For any graduate of Archbishop Curley, the idea of being a “friar” has special meaning. For a select group of our alumni who have chosen to dedicate their lives to the Franciscan order, it is a life-changing title. Br. Nick Romeo, OFM Conv. ’04, joined the Franciscan Friars right out of high school, still seventeen at the time. “For the past fourteen years I’ve been with the community, doing the whole friar thing.”
After joining the Friars following graduation from Curley, Nick first moved to Philadelphia for a period of Franciscan formation called “Postulancy.” During that two-year period, he began his undergraduate work at La Salle University, before spending a year in Mishawaka, Indiana for his Novitiate. Novitiate is the first year in which a man holds the title “friar.” “It’s a year-long retreat, in which you learn more about living in community, your vows, prayer, and Franciscan spirituality. The friary in Indiana was about a fifteen minute drive from Notre Dame, so we would go to campus on Sundays for sung evening prayer; this was a highlight of my time there.” Nick recalls the most formative experience of his Novitiate year being his ministry work in hospice care. “It challenged me immensely, to step outside of my comfort zone and learn to engage with people.” In July 2007, at the end of his Novitiate year, Nick professed his vows for the first time. He spent the next two years in San Antonio completing his Bachelor of Arts in Religious Studies at Our Lady of the Lake University, where he graduated in 2009.
His first full-time assignment following graduation was at St. Francis High School in Buffalo, where he lived and ministered for nine “awesome” years. “I started working in the library and teaching Honors Freshman Theology. I then became Campus Minister, a job I had for the past eight years. Everything about my time at “Frannie’s” was amazing. It formed me into the man I am today, and it is where the term “friar” transformed from being something I do, to being someone I am.” Nick made his solemn profession, his three vows of a life-long commitment: poverty, chastity, and obedience, in 2011. While working at St. Francis, he also completed graduate school at Boston College, earning his Master of Education in Religious Education in 2016.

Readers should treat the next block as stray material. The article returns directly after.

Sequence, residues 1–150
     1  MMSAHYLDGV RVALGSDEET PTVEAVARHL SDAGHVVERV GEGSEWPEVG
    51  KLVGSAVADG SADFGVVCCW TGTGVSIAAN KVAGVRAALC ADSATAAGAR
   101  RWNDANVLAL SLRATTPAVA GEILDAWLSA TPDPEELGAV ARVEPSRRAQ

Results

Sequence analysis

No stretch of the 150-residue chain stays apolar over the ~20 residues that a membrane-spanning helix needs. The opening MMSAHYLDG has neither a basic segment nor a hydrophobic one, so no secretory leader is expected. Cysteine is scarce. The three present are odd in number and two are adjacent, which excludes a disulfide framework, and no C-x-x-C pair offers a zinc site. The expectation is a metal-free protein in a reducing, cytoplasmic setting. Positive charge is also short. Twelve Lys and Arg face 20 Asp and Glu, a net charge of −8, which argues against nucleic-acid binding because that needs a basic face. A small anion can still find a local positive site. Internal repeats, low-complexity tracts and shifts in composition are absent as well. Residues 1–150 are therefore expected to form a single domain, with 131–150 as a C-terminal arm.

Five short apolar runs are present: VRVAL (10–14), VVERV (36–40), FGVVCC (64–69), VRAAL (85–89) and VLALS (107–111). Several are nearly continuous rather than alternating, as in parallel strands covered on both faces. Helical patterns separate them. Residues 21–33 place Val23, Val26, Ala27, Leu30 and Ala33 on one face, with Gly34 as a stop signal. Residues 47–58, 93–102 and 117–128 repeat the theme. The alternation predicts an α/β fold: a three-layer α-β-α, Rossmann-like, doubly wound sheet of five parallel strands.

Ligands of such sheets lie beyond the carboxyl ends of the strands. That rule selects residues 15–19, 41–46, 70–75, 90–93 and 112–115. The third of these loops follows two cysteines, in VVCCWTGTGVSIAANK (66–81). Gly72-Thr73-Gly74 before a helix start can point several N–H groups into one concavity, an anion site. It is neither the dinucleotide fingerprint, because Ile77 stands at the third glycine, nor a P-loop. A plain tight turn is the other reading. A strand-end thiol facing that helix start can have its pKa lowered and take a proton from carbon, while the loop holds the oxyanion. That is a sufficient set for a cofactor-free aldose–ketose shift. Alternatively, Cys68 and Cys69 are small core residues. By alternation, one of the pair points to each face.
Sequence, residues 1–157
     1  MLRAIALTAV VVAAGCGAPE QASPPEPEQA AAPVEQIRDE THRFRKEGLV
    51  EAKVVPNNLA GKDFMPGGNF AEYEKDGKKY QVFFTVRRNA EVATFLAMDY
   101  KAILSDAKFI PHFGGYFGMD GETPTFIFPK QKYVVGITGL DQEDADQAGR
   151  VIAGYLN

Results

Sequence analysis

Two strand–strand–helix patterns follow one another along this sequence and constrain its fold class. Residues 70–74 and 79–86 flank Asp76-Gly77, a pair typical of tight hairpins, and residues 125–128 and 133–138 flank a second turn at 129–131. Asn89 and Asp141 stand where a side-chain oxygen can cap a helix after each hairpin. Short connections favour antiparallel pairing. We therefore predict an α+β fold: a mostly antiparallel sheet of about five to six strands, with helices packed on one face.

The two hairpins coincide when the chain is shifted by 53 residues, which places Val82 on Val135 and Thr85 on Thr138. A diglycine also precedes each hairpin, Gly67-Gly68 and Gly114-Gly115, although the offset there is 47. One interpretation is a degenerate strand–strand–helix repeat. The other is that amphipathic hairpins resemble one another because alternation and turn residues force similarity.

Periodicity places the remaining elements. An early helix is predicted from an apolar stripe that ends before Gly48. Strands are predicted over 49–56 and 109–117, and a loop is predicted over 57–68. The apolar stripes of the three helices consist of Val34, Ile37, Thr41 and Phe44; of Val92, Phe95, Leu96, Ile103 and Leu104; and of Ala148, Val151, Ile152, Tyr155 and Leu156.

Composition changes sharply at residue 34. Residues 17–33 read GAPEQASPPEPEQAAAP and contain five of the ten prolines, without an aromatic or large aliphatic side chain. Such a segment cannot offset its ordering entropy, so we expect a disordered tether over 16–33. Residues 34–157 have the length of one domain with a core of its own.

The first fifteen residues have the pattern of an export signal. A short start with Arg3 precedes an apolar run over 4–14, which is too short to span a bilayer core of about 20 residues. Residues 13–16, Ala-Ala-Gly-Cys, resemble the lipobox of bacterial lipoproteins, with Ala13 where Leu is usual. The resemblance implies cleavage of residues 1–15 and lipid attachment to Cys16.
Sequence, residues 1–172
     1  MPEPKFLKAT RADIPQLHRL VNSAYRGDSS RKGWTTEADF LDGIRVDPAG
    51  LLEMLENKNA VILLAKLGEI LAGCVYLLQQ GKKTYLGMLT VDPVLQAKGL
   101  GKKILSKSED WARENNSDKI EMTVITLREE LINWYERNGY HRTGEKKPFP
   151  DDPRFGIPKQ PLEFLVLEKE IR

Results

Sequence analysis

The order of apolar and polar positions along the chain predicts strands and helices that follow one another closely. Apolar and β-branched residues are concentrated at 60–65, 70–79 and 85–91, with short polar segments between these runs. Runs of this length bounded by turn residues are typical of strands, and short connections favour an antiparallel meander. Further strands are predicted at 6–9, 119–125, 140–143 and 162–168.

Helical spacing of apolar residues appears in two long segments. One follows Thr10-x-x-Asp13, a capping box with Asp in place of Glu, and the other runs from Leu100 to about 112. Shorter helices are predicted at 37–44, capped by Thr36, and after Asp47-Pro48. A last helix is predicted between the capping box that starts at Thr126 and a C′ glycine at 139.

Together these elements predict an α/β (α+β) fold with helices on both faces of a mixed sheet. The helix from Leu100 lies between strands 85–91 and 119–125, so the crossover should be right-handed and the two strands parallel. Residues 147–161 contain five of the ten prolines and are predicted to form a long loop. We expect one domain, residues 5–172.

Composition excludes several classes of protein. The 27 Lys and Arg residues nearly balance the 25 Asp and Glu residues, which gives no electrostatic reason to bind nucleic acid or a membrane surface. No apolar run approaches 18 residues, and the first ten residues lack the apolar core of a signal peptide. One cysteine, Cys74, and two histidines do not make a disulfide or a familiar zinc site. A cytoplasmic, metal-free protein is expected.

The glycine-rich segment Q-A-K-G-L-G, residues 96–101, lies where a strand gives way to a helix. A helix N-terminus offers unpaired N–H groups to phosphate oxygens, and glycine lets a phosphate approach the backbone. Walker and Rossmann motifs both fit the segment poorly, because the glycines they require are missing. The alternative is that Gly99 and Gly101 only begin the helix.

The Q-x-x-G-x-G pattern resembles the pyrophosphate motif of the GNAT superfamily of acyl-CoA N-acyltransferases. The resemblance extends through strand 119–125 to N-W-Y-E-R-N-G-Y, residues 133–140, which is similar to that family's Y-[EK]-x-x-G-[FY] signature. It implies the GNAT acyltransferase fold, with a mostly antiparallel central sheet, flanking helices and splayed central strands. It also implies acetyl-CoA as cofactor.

When asked what interesting experiences his life as a friar has brought him, Nick replied: “Join the friars, see the world. I’ve visited the friars’ mission in Jamaica, attended language school in Bolivia during the summer of 2008, spent a month in Italy while on retreat in preparation for my solemn vows, traveled to Paris, Madrid, and Peru on Spring Break trips over my years at St. Francis, and also spent five summers in Boston." Nick was recently reassigned to teach at Curley after the Friars’ last Provincial Chapter, and is currently teaching juniors and seniors in the Theology department. “I love, love, love my seniors! After nine years of teaching freshmen in Buffalo, being able to interact with the upperclassmen in the classroom is quite refreshing.” Nick also enjoys some of the nostalgia of teaching at Curley. “I walked into the CORD office to visit Ms. Jose and it was like stepping back in time. The hallways and stairwells still feel the same, and at the opening of school Mass when I served as a Eucharistic Minister the stage even smelled the same.” Nick mentioned that the faculty and staff have also been great to work with since coming back.
When asked how Curley prepared him personally and professionally for the world after high school, Nick replied, “Well…I’m a friar, so I would quite literally not be the person I am today were it not for my four years at Curley. This is the place where I found my vocation. It’s the place I fell in love with Christ, the friars, and theology. So the decision that a 13 year-old version of myself made to attend Curley turned out to be a pretty good one. I think my time here also helped me become a better version of myself. I kind of did high school wrong; if I could relive my high school years, I would do a lot of things very, very differently. In particular, I’d bother to actually spend the time and energy necessary to really buy into the brotherhood piece. I’ve run into some of my old classmates over the years and I often leave the interaction pretty upset at ‘Past Nick’ for not getting to know the guys in my class when I had the opportunity. That lesson became an important one during formation as a friar.”
To a young man considering Curley for his high school education, Nick had this to say: “I won’t just give a blanket, blind, endorsement to come here. I know we’re supposed to have some sort of sense of being competitors with the other Catholic schools in the area. I will always give a blind blanket endorsement of Catholic education (I’m a product of 22 years of it), but the particular institution is about culture and fit and a million other intuitive and intangible things that differ depending upon the person. I visited all of the high schools in the area and shadowed at four of them. I chose Curley for reasons that are kind of ineffable; it just felt right. It felt like home, like a place I had always attended. I’d say if Curley is the right fit for a young man, he’ll just know it.”
If you are interested in contacting Nick, you may do so at: firstname.lastname@example.org